A Look Back to 2005: President Bush and Katrina

President Bush address' a group of seniors Monday, Aug. 29, 2005 in El Mirage, Ariz. Bush was promoting the new Medicare options available to senior citizens. (AP Photo/Matt York)
MATT YORK
President George W. Bush makes a statement vowing a massive relief operation after Hurricane Katrina battered New Orleans, at the White House, Aug. 31, 2005.
CBS

NEW ORLEANS (CBS) - Waiting at Xavier University for President Obama's speech marking the fifth anniversary of Hurricane Katrina's merciless assault on the Gulf Coast, I was thinking of this day in 2005.

Then-President Bush was leaving his Texas ranch on a two-day trip to spotlight the Medicare Prescription Drug program he pushed through Congress.

It wasn't immediately clear - even to the White House - on that Monday morning five years ago just how bad the situation was along the Gulf, especially in New Orleans.

Here are the raw notes from my daily presidential log of this week in 2005. (Grammar, spelling and abbreviations reflect that these are my notes, not copy meant for publication.) Key presidential quotes are in italics in most cases.

Mon Aug. 29 ***HURRICANE KATRINA MAKES LANDFALL***

CRAWFORD. Day 28 of ranch vacation (27 days at ranch). Bush and FLOTUS depart ranch to TSTC Airport and AF-1 en route:

President Bush promotes new Medicare options to a group of seniors in El Mirage, Ariz.
AP/Matt York

EL MIRAGE, AZ: Bush arrives Luke AFB and m/c to the RV Park to try to drum up interest among senior citizens for the Medicare Prescription Drug Plan that goes into effect in January. Urges seniors to fill out the forms required to qualify for the plan. Also uses his remarks to offer prayers and pledges of aid to those hard hit by Hurricane Katrina:

"I want the folks there on the gulf coast to know that the federal government is prepared to help you when the storm passes."

Bush also uses his speech to trumpet the draft Constitution in Iraq and stress US determination to see the mission through. Declares "I am very optimistic" about Iraq.

He also uses speech to offer assurances to border states that he shares their concern about border security and illegal immigration. Back to airport and AF-1 to:

RANCHO CUCAMONGA, CA: Arrives Ontario Intl Airport and m/c to holding room. Then to the James L Brulte Senior Center for another "conversation" on Medicare. Then back to airport and AF-1 to:

CORONADO, CA: Arrives Naval Air Station North Island and m/c to the Hotel Del Coronado for RON. Some anti-war protestors demonstrate nearby.

Tue Aug. 30 ***WH ANNOUNCES BUSH TO CUT SHORT RANCH VACATION BY TWO DAYS TO RETURN TO WH TOMORROW****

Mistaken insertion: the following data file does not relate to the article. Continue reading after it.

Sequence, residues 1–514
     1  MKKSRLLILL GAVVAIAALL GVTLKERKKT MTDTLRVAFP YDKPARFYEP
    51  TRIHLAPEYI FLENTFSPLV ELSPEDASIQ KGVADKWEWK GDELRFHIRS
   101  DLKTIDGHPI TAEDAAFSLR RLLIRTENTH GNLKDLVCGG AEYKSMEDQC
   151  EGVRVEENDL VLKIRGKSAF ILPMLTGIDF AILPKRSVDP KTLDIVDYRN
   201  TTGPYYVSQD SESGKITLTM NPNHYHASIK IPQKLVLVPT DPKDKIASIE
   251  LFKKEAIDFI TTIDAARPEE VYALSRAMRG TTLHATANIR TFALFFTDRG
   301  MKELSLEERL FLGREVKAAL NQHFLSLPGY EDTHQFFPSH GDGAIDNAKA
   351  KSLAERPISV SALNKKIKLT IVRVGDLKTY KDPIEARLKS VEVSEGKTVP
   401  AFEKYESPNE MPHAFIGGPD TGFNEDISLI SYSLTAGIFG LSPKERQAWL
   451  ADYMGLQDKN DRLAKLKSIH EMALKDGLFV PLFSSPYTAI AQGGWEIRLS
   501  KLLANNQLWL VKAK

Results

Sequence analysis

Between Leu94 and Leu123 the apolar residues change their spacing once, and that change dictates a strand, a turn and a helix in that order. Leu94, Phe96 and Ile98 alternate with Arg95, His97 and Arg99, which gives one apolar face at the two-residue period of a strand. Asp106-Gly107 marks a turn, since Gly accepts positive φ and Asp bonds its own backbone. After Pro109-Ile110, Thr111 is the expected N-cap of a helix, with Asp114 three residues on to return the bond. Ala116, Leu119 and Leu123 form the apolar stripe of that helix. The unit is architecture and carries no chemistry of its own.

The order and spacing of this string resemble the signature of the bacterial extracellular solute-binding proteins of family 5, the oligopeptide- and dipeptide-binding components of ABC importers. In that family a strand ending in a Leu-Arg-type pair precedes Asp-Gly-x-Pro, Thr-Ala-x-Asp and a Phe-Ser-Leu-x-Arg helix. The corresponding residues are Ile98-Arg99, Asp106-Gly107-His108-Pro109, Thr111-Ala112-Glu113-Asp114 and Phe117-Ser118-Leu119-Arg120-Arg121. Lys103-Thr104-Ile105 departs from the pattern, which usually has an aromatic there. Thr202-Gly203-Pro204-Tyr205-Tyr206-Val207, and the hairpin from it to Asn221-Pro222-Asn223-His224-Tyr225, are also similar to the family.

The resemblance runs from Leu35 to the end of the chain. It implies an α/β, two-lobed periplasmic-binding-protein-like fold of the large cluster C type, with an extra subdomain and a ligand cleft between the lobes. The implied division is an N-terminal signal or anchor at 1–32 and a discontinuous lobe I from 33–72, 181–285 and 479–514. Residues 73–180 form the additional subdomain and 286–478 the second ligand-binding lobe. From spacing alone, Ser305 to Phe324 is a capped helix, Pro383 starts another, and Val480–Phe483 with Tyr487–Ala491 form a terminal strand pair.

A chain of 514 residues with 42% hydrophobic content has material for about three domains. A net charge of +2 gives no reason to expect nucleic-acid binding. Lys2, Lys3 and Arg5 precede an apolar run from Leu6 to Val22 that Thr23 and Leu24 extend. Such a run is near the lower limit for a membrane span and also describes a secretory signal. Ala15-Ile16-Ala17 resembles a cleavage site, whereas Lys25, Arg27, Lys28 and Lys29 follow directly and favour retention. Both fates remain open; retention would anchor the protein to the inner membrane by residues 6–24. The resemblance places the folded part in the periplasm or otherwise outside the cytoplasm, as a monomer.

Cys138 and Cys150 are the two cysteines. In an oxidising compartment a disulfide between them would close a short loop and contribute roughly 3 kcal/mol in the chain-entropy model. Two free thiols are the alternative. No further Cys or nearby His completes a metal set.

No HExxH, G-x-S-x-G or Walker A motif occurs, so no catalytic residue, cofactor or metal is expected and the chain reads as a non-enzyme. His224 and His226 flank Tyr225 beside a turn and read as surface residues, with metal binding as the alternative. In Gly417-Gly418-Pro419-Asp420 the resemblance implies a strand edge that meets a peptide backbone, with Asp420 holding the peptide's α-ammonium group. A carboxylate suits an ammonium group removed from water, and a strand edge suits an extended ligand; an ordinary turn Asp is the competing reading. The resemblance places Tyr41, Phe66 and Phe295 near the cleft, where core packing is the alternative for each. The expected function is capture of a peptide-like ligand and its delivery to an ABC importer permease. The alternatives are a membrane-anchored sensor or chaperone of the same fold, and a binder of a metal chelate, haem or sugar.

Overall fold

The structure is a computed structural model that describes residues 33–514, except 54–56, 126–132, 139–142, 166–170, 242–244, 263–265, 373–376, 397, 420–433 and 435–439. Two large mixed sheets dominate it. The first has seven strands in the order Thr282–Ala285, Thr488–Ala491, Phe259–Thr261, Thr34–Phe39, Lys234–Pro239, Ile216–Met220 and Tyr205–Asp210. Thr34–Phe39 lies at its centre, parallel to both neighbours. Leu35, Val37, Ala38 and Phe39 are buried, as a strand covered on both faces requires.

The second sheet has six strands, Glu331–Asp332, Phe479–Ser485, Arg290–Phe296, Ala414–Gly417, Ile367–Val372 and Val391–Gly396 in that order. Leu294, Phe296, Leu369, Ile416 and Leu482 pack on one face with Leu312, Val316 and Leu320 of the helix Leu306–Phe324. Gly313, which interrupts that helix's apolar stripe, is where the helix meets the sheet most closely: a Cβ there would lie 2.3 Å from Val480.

President George Bush waves to the crowd at Naval Station North Island in Coronado, Calif.
AP/Lenny Ignelzi

CORONADO, CA: After a morning conference call briefing on Katrina, Bush m/c to Naval Base Coronado for speech marking 60th Anniversary of VJ Day. Begins remarks with words of concern for Katrina victims.

"The federal state and local governments are working side by side to do all we can to help people get back on their feet. and we have got a lot of work to do."

Uses body of speech to draw parallels between WWII and the War on Terrorism.

"I made my decision: We'll stay on the offensive, stay with the people of Iraq. And we will prevail."

Sits for interview with Armed Forces Radio and TV and then visits with wounded military personnel at Naval Medical Center San Diego. Presents Purple Heart to one wounded navy corpsman. Also meets with doctors from the USN Hospital Ship Mercy to salute their service to victims from last year's tsunami.

Back to NAS North Island and AF-1 back to:

CRAWFORD, TX: Day 29 of ranch vacation (28 days at ranch)

Arrives TSTC Waco and Marine One back to the ranch.

President Bush looks out the window of Air Force One inspecting damage from Hurricane Katrina en route back to the White House.
AP/Susan Walsh

Wed Aug. 31 ***Bush ends working vacation and departs for DC***

CRAWFORD, TX: Day 30 of ranch vacation (29 days at ranch)

In the aftermath of Hurricane Katrina, Bush ends his ranch vacation two days early, departing about 1010am/CT by Marine One to TSTC Waco and boards

AF-1. On the way back to DC, AF-1 flies over New Orleans, Gulfport, Biloxi and Mobile, giving Mr. Bush an aerial view of some of the flooding and destruction. He spents 35 minutes looking out the left side of the aircraft.

Back at the White House, he meets with his task force on the hurricane response, and then in the rose garden, makes a statement vowing a massive relief operation.

But he says "this recovery will take a long time. this recovery will take years."

Thu Sept. 1 WH. Bush has usual briefings. His schedule dominated by Katrina response including a 10a meeting with DefSec Rumsfeld and Gen Myers. Bush discusses the economic impact in a lunch meeting with Fed Chairman Alan Greenspan. Then discusses it with his economic team.

President Bush with former Presidents Bill Clinton and George H.W. Bush in the Oval Office.
AP/Susan Walsh

At 2p, Bush meets with his dad and former pres Clinton - who agreed to help raise private contributions for hurricane relief, as they did for the tsunami that struck Asia late last year.